See the schematic to attach the servos, if you need (2) Y motors to turn in different directions just swap the (2) wires of one coil on one motor. You can also just rotate the connector of the motor you want to reverse by 180 degrees. If you want a different axis to use the 2 ganged motors you can change some setting in Grbl’s cpu_map.h file.  Here is the section of the file you change. The ganged drivers use pins 3 and 6.  Swap them with the axis you want.

// Define step pulse output pins. NOTE: All step bit pins must be on the same port.
#define X_STEP_BIT 2 // Uno Digital Pin 2
#define Y_STEP_BIT 3 // Uno Digital Pin 3
#define Z_STEP_BIT 4 // Uno Digital Pin 4
#define STEP_MASK ((1<<X_STEP_BIT)|(1<<Y_STEP_BIT)|(1<<Z_STEP_BIT)) // All step bits

// Define step direction output pins. NOTE: All direction pins must be on the same port.
#define X_DIRECTION_BIT 5 // Uno Digital Pin 5
#define Y_DIRECTION_BIT 6 // Uno Digital Pin 6
#define Z_DIRECTION_BIT 7 // Uno Digital Pin 7
#define DIRECTION_MASK ((1<<X_DIRECTION_BIT)|(1<<Y_DIRECTION_BIT)|(1<<Z_DIRECTION_BIT)) // All direction bits


Raspberry Pi.

This controller uses the TX and Rx on pins 14 and 15 of the Raspbery Pi header. These are typicall in use for a login shell. You will need to go in the raspi-confi program and stop the ligin shell and enable it for use by other programs.

Note: Arduinos use a trick with the USB to Serial adapter built into each one to reboot the CPU every time you connect. The Raspberry Pi cannot do that, because it has no access to the reboot pin . Grbl will not reboot each time you connect. This may confuse some senders. Also if you try to use the Arduino IDE to program the Nano via Raspberry Pi, it will not be able to trigger the bootloader. You will have to click the reset button on the Nano as the IDE is trying to upload the program. It is best to remove the Nano and program via USB.

Using a Servo.

Stock Grbl does not support servos, so the servo is wired to the Raspberry Pi header. The servo is using the 5V power from the Arduino or the Raspberry Pi, so you should only use micro servos to avoid drawing too much power and damaging something. You should use an external 5V power supply if you want to use a larger servo.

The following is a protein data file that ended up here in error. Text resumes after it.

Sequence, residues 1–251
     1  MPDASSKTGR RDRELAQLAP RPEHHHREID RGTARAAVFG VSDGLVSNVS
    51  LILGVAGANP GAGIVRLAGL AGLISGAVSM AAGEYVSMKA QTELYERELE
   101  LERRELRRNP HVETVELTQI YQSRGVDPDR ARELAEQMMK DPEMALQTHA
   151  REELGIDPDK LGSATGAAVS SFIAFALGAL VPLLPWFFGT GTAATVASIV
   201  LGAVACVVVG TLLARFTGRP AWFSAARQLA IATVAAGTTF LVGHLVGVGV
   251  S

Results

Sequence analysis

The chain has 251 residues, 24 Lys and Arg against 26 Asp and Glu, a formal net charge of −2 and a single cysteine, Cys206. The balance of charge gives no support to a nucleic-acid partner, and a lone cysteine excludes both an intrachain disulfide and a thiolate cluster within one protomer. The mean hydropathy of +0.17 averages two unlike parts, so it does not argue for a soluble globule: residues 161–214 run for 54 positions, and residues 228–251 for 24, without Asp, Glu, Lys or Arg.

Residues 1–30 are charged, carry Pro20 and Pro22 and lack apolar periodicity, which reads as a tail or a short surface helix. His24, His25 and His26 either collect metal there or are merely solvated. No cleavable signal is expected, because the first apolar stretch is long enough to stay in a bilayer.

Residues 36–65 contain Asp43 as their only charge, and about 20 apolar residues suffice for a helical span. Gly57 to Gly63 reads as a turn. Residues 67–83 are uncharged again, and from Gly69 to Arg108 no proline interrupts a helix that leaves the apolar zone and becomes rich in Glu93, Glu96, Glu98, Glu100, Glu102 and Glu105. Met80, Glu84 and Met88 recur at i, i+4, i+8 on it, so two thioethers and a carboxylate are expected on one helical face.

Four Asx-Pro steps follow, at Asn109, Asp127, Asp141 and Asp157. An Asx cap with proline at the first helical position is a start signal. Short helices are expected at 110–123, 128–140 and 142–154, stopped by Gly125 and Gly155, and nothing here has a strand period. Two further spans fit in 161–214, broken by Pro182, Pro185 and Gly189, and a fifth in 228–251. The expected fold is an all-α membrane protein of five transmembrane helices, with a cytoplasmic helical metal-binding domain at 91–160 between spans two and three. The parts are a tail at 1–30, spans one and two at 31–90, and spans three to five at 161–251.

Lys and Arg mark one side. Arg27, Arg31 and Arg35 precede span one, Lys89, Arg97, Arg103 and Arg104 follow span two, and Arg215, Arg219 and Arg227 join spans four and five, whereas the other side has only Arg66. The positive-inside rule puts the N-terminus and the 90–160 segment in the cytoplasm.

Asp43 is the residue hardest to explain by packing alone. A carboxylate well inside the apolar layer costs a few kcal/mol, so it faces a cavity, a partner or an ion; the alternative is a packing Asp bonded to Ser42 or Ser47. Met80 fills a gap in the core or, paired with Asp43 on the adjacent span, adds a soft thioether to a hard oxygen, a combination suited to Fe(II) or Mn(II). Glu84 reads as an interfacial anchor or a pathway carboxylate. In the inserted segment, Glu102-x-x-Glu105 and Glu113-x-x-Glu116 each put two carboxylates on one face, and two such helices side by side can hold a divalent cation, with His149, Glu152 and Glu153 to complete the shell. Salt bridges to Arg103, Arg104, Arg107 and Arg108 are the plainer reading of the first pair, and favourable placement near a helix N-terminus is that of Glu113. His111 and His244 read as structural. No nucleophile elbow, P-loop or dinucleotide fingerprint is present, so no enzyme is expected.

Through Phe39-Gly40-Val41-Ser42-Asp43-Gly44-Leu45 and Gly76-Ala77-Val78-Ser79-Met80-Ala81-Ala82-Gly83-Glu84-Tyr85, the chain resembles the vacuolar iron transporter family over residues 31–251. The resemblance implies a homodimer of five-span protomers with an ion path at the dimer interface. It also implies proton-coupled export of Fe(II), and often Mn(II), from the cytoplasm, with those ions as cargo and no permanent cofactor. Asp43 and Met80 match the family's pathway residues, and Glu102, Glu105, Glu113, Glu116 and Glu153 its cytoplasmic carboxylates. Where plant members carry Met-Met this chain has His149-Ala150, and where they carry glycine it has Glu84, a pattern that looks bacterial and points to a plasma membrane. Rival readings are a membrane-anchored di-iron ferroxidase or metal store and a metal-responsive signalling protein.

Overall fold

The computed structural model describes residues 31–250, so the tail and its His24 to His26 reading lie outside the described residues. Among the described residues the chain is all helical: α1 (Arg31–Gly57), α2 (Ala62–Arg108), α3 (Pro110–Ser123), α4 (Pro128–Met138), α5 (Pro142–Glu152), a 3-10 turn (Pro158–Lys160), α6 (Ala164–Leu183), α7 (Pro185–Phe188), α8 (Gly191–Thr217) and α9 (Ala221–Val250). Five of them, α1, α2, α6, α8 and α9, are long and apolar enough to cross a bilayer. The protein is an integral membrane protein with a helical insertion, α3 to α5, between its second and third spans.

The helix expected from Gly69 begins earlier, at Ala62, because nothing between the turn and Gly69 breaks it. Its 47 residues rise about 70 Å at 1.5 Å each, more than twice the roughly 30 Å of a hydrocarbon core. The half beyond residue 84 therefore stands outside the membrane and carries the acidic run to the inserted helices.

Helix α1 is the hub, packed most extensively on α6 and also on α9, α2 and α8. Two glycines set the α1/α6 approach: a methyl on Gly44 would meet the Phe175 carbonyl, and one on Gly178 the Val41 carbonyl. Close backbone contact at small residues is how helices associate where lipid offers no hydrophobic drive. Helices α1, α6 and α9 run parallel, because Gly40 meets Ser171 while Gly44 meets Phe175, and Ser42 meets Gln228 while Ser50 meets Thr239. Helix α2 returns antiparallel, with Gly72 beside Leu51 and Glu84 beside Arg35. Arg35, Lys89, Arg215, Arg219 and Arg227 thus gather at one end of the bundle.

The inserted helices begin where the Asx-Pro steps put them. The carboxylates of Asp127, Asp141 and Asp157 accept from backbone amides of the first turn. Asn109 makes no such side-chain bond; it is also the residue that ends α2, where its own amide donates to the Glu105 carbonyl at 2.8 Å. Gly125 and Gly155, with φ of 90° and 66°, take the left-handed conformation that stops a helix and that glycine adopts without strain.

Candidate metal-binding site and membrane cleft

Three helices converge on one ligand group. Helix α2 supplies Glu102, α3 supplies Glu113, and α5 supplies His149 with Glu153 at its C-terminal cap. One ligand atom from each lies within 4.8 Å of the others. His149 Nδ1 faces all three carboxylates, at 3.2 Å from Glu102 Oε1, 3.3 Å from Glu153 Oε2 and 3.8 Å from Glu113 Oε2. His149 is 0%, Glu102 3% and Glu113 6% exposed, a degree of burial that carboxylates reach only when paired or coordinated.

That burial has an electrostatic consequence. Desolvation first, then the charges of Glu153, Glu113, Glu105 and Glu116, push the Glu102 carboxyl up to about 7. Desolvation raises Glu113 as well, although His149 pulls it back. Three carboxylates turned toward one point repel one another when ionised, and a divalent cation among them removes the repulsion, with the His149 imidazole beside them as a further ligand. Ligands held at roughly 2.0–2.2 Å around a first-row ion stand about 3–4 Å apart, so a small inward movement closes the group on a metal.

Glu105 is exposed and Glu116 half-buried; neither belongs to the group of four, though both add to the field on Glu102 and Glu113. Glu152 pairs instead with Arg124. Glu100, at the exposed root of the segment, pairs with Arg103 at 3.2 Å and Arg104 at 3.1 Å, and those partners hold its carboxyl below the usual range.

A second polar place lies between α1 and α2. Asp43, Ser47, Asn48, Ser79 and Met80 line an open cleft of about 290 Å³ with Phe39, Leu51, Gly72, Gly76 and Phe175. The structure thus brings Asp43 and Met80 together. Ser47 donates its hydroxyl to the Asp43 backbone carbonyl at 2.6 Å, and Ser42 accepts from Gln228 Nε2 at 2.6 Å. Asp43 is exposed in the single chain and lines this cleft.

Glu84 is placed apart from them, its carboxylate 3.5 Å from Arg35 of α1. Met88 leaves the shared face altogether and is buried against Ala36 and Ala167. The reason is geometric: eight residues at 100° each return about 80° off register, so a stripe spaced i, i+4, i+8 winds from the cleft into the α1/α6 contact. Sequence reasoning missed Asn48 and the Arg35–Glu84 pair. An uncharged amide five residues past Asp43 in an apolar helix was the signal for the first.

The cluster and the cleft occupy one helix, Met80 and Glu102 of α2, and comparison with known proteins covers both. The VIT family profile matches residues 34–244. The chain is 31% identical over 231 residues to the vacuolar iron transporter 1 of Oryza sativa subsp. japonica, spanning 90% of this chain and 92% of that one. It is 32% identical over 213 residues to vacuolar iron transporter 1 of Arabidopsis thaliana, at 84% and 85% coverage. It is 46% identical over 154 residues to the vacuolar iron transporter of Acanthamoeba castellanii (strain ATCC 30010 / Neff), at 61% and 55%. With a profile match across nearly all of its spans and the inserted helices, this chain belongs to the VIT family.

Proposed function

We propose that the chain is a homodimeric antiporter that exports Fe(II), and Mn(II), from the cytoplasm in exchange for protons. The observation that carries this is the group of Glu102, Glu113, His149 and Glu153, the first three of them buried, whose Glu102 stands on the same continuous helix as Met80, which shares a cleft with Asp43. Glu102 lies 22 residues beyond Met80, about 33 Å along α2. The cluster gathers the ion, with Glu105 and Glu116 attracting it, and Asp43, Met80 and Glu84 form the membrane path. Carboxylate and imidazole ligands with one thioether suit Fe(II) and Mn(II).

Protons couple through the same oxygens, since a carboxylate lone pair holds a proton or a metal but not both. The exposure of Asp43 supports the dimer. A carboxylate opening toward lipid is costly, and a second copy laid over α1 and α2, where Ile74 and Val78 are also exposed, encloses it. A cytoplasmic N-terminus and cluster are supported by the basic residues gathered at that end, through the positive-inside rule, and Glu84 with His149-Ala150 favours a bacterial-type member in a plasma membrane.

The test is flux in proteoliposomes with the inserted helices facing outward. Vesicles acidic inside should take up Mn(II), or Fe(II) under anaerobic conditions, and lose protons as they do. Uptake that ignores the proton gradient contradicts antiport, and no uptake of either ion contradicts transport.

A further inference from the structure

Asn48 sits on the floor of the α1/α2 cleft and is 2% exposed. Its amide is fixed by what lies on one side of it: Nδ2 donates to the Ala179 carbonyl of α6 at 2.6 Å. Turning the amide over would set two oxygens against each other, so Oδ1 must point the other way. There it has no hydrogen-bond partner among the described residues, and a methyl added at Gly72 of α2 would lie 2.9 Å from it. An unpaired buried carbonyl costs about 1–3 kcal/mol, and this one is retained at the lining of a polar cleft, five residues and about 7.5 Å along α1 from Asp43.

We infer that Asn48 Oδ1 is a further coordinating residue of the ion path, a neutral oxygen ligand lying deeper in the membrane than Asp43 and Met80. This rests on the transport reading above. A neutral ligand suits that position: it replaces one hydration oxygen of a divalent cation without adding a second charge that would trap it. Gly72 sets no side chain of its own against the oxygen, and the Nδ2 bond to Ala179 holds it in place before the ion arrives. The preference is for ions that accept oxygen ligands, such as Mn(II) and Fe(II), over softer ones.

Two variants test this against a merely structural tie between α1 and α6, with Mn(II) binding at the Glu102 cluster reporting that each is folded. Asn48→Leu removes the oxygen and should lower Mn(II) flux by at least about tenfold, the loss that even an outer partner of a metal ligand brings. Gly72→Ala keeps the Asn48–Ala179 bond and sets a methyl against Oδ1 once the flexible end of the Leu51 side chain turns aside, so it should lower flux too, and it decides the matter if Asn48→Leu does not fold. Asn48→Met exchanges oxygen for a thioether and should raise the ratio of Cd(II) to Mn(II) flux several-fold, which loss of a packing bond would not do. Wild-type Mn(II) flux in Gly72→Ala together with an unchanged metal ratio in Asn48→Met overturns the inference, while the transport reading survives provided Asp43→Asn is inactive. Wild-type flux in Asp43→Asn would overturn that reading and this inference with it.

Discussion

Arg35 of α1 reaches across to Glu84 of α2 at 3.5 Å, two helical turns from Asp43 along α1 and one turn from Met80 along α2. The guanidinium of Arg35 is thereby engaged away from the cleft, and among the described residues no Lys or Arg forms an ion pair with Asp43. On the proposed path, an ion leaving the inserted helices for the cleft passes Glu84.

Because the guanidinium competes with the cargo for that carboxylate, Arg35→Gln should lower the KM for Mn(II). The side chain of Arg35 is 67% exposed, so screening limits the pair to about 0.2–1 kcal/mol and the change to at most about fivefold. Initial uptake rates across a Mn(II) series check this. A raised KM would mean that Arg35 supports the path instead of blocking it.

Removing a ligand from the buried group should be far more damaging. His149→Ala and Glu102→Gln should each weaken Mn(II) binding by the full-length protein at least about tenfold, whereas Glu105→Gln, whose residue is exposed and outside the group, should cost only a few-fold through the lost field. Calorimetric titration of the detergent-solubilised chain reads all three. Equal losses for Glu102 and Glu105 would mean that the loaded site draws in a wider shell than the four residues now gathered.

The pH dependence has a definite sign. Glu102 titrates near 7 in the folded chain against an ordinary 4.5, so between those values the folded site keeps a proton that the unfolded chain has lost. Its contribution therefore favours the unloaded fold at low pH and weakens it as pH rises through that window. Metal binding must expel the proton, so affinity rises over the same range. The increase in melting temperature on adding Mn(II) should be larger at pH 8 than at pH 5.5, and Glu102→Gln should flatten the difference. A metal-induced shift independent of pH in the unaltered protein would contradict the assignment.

The servo is hooked up to PWM0 (Pin 12)

Using the Controller

You can use it via Raspberry Pi or standalone. If you use the Raspberry Pi, you should not connect the USB to the Arduino. That create a communications conflict and could damage something.

Documentation: (Current version 1.0):

The license is Creative Commons 4.0 Share Alike – Attribution.


Please ask via the comments section. I’ll answer there and update this post as required.


I sell on Tindie






Using Grbl’s Spindle PWM to Control a Servo

While I am waiting on some parts to arrive for a pen ‘bot, I started investigating ideas to control it. It will be using a hobby servo for pen up/down. Servos work great for things like this because they are easy to integrate and don’t need to be homed. They always know where they are in rotation.

I am probably going to use Grbl  and it outputs step and direction signals for motion.  A servo requires a PWM signal.  Since the spindle already uses PWM to set speed, this seems like a good place to start hacking. A PWM signal has a frequency and a duty cycle.  The frequency is how often the signal repeats and the duty cycle is how long the output signal is logic high (the rest of the time it is low). Servos want the signal to repeat every 20ms (50Hz). They want the duty cycle to be 1m long at one end of the rotation and 2ms at the other end.

  • 0 degree duty cycle = 1ms
  • 180 degree duty cycle 2ms
  • Frequency 50Hz (20ms)

PWM is a peripheral found on most micro controllers including Arduinos.  They use the timers built into CPU. You setup a few registers and the PWM runs independent of of the code. The spindle is using timer2.  All other timers are being used by other Grbl functions (on Unos), so they are not available. Timer2 is an 8 bit timer so it can only count up to 255.  To set the duty cycle you set a “compare” number that is 0-255. At the beginning of the cycle, the output will go high and the timer will begin counting.  When it reaches the compare value the output goes low. When it reaches 255, the cycle starts over again.


  • Resolution: Since the servo’s duty cycle range ( 1ms to 2ms ) is only a fraction of the frequency (1ms/20ms) , we only have 1/20 of the 256 counts at best. That is going to limit our resolution, but we only care about a rough pen up and pen down in this application.
  • Frequency: You don’t get to pick any frequency on Arduinos. You are limited to certain fractions of the CPU clock.  The allowable fractions are 1/1, 1/8, 1/64, 1/256 & 1/1024. We need to pick one that is close to getting us to 50Hz.

Setting the frequency.

The formula for the setting the frequency is..

Freq = F_CPU / (Prescaler * TimerResolution)    Eq #1

  • Freq: Our desired frequency of 50Hz
  • F_CPU: This is the frequency of the CPU. For most Arduino that is 16Mz
  • Prescaler: This is that fraction mentioned about.